• Ivor Chipkin


The Betrayal of the Promise report is back in the spotlight. The recent report of the Presidential Economic Advisory Council credits the Betrayal of the Promise report (incorrectly called Shadow State), together the former Public Protector's 'State of Capture' report, as offering a cogent diagnostic of what is wrong with the South African state.

In March 2016 I published an article called 'Progressive Politics: in search of a silver lining in the current crisis. "Things are coming to a head," I argued, "and the stakes are as high as they could be. More and more revelations will surely emerge in the coming days and weeks about the relationship between the Zuma family and the Gupta family, about the shadowy links between groups based in the provinces and about deals concerning state-owned enterprises, about “rogue” intelligence units, about the current leadership at SARS, the Hawks and about the police".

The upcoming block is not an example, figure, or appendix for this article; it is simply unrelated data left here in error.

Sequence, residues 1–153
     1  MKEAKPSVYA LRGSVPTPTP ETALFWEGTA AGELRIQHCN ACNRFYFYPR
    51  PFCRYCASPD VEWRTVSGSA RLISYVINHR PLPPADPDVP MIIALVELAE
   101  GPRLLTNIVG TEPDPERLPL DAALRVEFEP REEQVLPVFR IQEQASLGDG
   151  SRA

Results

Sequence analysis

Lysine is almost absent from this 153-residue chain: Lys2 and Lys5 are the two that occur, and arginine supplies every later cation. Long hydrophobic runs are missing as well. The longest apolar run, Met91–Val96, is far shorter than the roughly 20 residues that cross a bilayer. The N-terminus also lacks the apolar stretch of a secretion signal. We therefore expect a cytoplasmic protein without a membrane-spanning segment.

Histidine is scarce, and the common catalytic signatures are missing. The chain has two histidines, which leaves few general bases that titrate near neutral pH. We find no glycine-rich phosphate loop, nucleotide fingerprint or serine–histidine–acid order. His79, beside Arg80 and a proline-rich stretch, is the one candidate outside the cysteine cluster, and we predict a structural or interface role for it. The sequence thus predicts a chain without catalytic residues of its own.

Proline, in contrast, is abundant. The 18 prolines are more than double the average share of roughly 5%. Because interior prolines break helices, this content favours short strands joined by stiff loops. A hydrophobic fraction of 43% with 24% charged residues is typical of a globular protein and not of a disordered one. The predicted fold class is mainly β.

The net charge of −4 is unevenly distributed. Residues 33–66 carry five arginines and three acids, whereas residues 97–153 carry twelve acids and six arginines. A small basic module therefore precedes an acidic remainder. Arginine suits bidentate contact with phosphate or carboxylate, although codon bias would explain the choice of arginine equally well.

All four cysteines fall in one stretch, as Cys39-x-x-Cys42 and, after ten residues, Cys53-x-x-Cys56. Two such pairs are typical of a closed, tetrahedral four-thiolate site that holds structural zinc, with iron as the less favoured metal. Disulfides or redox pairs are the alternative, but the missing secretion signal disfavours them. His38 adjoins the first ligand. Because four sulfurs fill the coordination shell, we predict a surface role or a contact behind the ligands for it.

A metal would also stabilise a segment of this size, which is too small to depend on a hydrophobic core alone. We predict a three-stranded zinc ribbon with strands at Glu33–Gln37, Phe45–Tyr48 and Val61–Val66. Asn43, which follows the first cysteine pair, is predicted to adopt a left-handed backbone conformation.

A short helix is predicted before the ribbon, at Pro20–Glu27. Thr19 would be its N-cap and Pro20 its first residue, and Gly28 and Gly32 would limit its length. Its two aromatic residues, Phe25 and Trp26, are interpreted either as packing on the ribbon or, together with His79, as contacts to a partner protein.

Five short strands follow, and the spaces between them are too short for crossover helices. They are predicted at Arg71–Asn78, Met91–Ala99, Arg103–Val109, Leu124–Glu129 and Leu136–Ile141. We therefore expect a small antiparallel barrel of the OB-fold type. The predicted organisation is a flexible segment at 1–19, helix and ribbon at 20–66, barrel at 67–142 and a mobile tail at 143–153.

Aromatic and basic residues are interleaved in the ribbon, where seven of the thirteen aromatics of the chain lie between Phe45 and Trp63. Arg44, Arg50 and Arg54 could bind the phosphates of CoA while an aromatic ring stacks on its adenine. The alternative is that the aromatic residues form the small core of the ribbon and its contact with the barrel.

Dealing with the tendency to treat these developments simply in terms of corruption or patronage, I continued, "the trouble with these politics-of-the-belly-type arguments is that they discount politics – not simply as competition between groups over resources, but as conflicts driven by ideas and, dare one say, idealism". I introduced a distinction between two political tendencies:

"The first is modernising and bureaucratic – it seeks to establish the sovereignty of institutions that more or less work on the basis of impersonal rules and regulations. The other is patrimonial and ambivalent about institutional autonomy".

This distinction between bureaucratic modernisers and patrimonial elements became the now well-know distinction between constitutionalists and rent-seekers in the Betrayal of the Promise report.

Read the original essay here - it anticipates the later Betrayal of the Promise report by nearly a year. https://www.dailymaverick.co.za/opinionista/2016-03-30-progressive-politics-in-search-of-a-silver-lining-in-the-current-crisis/#.VvzOuO9kh3V.twitter

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